BBa_K322999: LovTAP with RFP reporter system, based on Mexico UNAM-Genomics BBa_K360121



Characterisation


The protocol that we developed for LovTAP characterization is as follows:

  1. Liquid cultures (same as for minipreps) were grown overnight in 37C with antibiotics. The next day, bottles with 3.5 ml of broth were inoculated with the 0.5 ml of appropriate cultures (0.5. ml of broth added as a control).
  2. samples designated DARK were wrapped in the aluminium foil straight after the inoculation; the cap was not wrapped (not see through anyway)so that samples could be easily taken without unwrapping the bottles from the foil.
  3. All the samples were then taken to the shaker in the hot room and placed in prepared spots: for the dark- anywhere on an easily accessible holder, for light- in 2 rows of holders..
  4. Light samples were covered with the cardboard box with blue LEDs attached on the sides(470 nm wavelength; 2200 mcd/B; V=4.5 V; RS466-3548), in a way to optimize light accession to the samples. Box was securely taped to the shaker.
  5. Measurements were taken every half an hour: 200ul of the samples were placed in the numbered cuvette and then 800ul of water was added. Readings of fluorescence (green mode) were taken in standard fluorescence units (SFU, two readings each). Then optical density was measured (in the incubator room) at 360 nm wavelength. Control was used to calibrate the machine (set ref button). Also 2 readings were taken. Samples were shaken by inversion prior to taking measurement.
  6. Experiment was stopped after 3 hours (6 sets of reading taken).

Results analysis (to generate the data for the graph):

  1. means were calculated from 2 readings of optical density and fluorescence.
  2. (mean SFU minus background SFU) was divided by (mean OD minus background OD, if different from 0).
  3. table was made for the samples at different points of time- e.g. sample 1 after 30 min, 60 min, 90 min, 120 min etc.
  4. graph was made with series named the same as the samples.



Figure 2: Results obtained for our LovTAP activation experiment.








Figure 3: Results obtained for our LovTAP TrpR mutant activation experiment.



Figure 2 shows the response of two clones of LovTAP under blue light (controls were not included in this experiment). There is no clear difference in response (measured by fluorescence/optical density) over time. Expected results would show higher fluorescence in the dark than in the light.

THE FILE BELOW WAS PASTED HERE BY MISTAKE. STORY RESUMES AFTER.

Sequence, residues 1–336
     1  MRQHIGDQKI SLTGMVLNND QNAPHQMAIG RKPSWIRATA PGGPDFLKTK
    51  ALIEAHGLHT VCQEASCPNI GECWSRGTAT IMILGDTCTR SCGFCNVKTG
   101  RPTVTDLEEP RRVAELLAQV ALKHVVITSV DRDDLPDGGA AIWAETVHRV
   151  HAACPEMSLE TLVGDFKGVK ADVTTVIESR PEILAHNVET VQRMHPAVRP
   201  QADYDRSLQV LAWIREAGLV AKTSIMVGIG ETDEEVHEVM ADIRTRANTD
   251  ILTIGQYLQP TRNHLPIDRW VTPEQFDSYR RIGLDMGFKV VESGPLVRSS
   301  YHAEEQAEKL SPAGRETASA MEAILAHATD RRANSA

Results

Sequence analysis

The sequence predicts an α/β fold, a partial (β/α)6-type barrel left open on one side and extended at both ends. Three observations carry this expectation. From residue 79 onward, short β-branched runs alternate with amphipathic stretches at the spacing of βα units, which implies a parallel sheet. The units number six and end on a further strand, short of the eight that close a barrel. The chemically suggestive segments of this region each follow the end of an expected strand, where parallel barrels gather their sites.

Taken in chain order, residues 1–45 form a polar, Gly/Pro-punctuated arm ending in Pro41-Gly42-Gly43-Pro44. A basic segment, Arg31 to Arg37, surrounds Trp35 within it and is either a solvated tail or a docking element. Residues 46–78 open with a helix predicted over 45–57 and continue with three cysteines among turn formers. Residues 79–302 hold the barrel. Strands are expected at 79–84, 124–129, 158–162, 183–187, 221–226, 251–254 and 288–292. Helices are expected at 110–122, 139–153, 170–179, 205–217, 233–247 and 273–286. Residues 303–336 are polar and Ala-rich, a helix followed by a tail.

Figure 3 shows the same experiment performed on the TrpR mutant - to see if there is any difference in LovTAP activation under blue light illumination. Again, fluorescence should be higher in the dark state - due to RFP reporter being suppressed by blue light - of LovTAP activation. Again, however, results are inconclusive.

We believe that there is a need to test the system under different conditions: temperature, different strength of promoters, etc. Further experiments are being carried out at the present time. For further details, please see the lab book.



References


Strickland, D., Moffat, K. & Sosnick, T. R. (2008). Light-activated DNA binding in a designed allosteric protein. Proceedings of the National Academy of Sciences 105, 10709-10714.

Schüttrigkeit, T. A., Kompa, C. K., Salomon, M., Rüdiger, W. & Michel-Beyerle, M. E. (2003). Primary photophysics of the FMN binding LOV2 domain of the plant blue light receptor phototropin of Avena sativa. Chemical Physics 294, 501-508.

Wu, Y. I., D. Frey, et al. (2009). A genetically encoded photoactivatable Rac controls the motility of living cells. Nature Vol 461

EPF Lausanne 2009 team wiki, http://2009.igem.org/Team:EPF-Lausanne.




Throughout this wiki there are words in bold that indicate a relevance to human aspects. It will become obvious that human aspects are a part of almost everything in iGEM.